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May 15, 1987 - Image 48

Resource type:
Text
Publication:
The Detroit Jewish News, 1987-05-15

Disclaimer: Computer generated plain text may have errors. Read more about this.

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last fall.
Barbie himself, arrogant,
unrepentant, paces in his cell.
The few outsiders who have
seen him say he is as defiant
as he was when arrested four
years ago. He is also reported
in poor health.
Meanwhile, the city's
monumental Palais de La
Justice has been renovated
for the trial. A special hall has
been built to accommodate
the hundreds of journalists,
victims' families and a small
army of prosecution lawyers
and court clerks. Barbie sits
in a dock protected by bullet
proof glass. He faces nine
jurors and the three
magistrates who preside at
the trial. The trial is expected
to last 8 to 10 weeks. It will
hear 93 witnesses for the pro-
secution, the most notable
perhaps being Nobel Peace
Laureate Elie Wiesel and
Simone Veil, former President
of the Parliament of Europe.
Both are Auschwitz
survivors.
Meanwhile, the Barbie trial
opened with two surprises.
Barbie, replying to the first
question by the presiding
magistrates, identified
himself as "Klaus Altmann, a
Bolivian businessman." He
admitted that his father's
name was Barbie and that he
was born in Bad Godesberg,
Germany.
Altmann was the alias
under which Barbie lived in
Bolivia for nearly 40 years
until his expulsion in January
1983. Legal experts believe he

gave that name in court in
furtherance of one of the
defense strategies of his
lawyer, Verges.
Verges contends his client
cannot be legally tried in
France because he was never
extradited to this country but
taken into French custody
when he was forced to leave
Bolivia. Verges has used the
word "kidnapped."
The second surprise was
the fawning courtesy with
which the accused was
treated by the court. The
presiding judge addresses
him invariably as "Monsier
Barbie" or even "sir."
Again, according to the
same experts, the politeness
is due to the court's deter-
mination to observe all of the
legal niceties to avoid any
possible appeal on technical
grounds or claim of bias
against the defendant.
The trial began immediate-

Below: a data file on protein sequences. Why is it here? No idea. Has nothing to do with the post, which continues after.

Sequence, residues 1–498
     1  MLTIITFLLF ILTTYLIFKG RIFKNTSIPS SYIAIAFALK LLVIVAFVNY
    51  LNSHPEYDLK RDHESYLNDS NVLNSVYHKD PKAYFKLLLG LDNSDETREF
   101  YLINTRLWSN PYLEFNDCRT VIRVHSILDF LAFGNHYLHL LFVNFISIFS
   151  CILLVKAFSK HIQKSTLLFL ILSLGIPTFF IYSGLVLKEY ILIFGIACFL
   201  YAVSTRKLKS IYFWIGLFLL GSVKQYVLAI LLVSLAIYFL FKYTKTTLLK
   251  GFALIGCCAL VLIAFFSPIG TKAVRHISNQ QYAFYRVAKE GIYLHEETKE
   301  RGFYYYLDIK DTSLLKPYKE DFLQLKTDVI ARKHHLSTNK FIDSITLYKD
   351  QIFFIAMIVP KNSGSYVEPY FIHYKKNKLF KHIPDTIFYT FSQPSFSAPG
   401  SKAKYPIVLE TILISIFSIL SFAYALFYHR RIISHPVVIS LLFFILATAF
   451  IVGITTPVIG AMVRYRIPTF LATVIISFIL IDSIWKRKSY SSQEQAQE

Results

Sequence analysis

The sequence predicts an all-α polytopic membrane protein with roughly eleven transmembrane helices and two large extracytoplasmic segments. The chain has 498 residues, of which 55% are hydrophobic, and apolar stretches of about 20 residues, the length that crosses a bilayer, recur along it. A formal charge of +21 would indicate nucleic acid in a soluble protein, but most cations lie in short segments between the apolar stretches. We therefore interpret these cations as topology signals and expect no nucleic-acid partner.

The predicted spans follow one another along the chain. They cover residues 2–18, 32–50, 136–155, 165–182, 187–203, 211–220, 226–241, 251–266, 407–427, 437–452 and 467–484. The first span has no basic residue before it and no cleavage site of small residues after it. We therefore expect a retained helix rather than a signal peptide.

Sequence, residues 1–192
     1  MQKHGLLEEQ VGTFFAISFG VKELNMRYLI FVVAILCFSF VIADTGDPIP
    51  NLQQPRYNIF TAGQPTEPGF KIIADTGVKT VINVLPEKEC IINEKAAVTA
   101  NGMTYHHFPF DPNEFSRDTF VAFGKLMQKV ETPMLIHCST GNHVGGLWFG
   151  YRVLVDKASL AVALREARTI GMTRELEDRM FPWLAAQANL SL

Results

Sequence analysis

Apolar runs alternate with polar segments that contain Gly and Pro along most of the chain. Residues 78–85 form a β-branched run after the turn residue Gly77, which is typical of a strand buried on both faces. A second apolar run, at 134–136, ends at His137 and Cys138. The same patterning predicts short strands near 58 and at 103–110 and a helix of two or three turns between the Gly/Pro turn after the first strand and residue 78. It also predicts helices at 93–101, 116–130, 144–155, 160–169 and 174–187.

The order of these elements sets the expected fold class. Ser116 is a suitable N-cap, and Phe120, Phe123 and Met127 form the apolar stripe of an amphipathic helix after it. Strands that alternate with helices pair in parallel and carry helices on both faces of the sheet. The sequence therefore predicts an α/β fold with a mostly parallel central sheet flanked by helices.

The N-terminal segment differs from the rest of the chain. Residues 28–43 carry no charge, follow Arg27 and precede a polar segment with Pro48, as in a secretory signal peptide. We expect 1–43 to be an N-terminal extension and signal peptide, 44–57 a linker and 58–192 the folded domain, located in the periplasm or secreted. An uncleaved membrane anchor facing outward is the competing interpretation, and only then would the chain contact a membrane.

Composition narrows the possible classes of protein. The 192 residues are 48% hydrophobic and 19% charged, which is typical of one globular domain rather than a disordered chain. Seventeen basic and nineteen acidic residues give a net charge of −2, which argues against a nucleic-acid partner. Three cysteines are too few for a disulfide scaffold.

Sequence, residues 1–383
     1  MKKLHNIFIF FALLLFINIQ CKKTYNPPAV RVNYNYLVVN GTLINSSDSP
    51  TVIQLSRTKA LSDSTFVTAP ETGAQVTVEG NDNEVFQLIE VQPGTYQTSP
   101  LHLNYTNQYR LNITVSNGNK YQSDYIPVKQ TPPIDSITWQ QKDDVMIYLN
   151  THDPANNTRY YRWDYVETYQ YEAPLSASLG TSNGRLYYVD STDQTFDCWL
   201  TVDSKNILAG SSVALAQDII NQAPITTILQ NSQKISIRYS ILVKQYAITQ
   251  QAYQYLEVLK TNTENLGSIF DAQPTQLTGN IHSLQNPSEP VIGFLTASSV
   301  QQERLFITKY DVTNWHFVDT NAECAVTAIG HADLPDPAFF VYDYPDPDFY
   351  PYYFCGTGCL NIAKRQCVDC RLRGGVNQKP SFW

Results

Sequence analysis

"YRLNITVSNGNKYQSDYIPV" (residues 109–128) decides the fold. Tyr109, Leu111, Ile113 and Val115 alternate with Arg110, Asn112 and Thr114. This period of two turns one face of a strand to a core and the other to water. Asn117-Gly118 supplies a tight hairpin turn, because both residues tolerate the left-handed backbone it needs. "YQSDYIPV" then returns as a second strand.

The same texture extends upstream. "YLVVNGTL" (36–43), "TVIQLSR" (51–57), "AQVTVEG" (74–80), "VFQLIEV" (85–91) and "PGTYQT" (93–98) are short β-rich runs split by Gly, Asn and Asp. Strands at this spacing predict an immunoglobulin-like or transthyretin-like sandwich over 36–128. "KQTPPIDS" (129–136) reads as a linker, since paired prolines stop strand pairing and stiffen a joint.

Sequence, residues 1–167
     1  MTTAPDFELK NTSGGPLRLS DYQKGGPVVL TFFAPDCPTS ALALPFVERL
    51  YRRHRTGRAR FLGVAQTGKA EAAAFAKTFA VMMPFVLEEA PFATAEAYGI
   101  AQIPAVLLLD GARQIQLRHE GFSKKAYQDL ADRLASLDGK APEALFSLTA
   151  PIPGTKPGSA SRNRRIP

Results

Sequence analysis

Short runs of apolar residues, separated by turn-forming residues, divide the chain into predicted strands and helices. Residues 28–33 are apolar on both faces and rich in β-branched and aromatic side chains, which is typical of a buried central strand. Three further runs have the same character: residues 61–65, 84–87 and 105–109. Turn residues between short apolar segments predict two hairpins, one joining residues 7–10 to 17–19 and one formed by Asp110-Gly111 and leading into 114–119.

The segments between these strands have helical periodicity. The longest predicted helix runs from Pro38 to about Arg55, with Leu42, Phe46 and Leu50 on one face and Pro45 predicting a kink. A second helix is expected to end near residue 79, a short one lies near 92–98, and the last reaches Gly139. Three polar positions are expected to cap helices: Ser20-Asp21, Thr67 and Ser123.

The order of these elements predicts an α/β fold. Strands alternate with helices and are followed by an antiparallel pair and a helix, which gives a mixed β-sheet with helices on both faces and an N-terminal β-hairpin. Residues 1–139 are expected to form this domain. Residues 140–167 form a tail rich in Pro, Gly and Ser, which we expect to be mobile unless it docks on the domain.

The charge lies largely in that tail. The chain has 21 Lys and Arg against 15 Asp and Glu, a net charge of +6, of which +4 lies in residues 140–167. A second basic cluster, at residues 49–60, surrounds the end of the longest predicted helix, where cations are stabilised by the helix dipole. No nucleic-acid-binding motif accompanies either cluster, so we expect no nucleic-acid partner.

ly after the jury of five men
and four women was sworn in.
The first legal action was re-
jection by the court of a mo-
tion by a lawyer for a Holo-
caust survivor, one of Bar-
bie's victims, to reinstate the
death sentence imposed on
Barbie in absentia by a
French court in 1952.
The State Prosecutor op-
posed the motion on grounds
that the war crimes for which
Barbie was originally sen-
tenced are covered by the
20-year statute of limitations.
The maximum penalty now is
life imprisonment.

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Friday, May 15, 1987

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Vienna (JTA) — The
Austrian people support
President Kurt Waldheim by
a much larger majority than
elected him last summer, ac-
cording to a straw poll
published here following the
U.S. Department of Justice's
announcement last week that
Waldheim would be barred
from entry into the United
States because of his alleged
involvement in Nazi persecu-
tions and atrocities during
World War II.
The poll, in the newspaper
Neue Kronen Zeitung, found
that more than 70 percent of
the respondents do not want
Waldheim to resign in wake of
the American charges; 57 per-
cent think he should file libel
suits; and 53 percent want
Chancellor Franz Vranitzky
to cancel his scheduled of-
ficial visit to the U.S. later
this month.
Vranitzky is being urged to
call off his visit by politicians
of his own Socialist Party, his
conservative partners and the
opposition liberal-right

-

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THURSDAY UNTIL 9 P.M.

THE DETROIT JEWISH NEWS

Freedom Party. They are
echoed by editorials in their
respective party newspapers
which have called the Amer-
ican action an anti-Austrian
measure.
But Vranitzky announced a
meeting with Waldheim that
he would make the visit
which was planned some time
ago. He said that while the
government rejects the
charges against Waldheim
because of lack of evidence,
the matter should be dealt
with coolly and without emo-
tion.
Vice Chancellor Alois
Mock, who is also Foreign
Minister, told a press con-
ference that he summoned
the U.S. Ambassador, Ronald
Lauder and gave him Aus-
tria's official response to the
U.S. ban on Waldheim for
transmission to Washington.
Mock said the Austrian
government demanded that
the U.S. authorities provide it
with all the material and
documents which led to their
decision.

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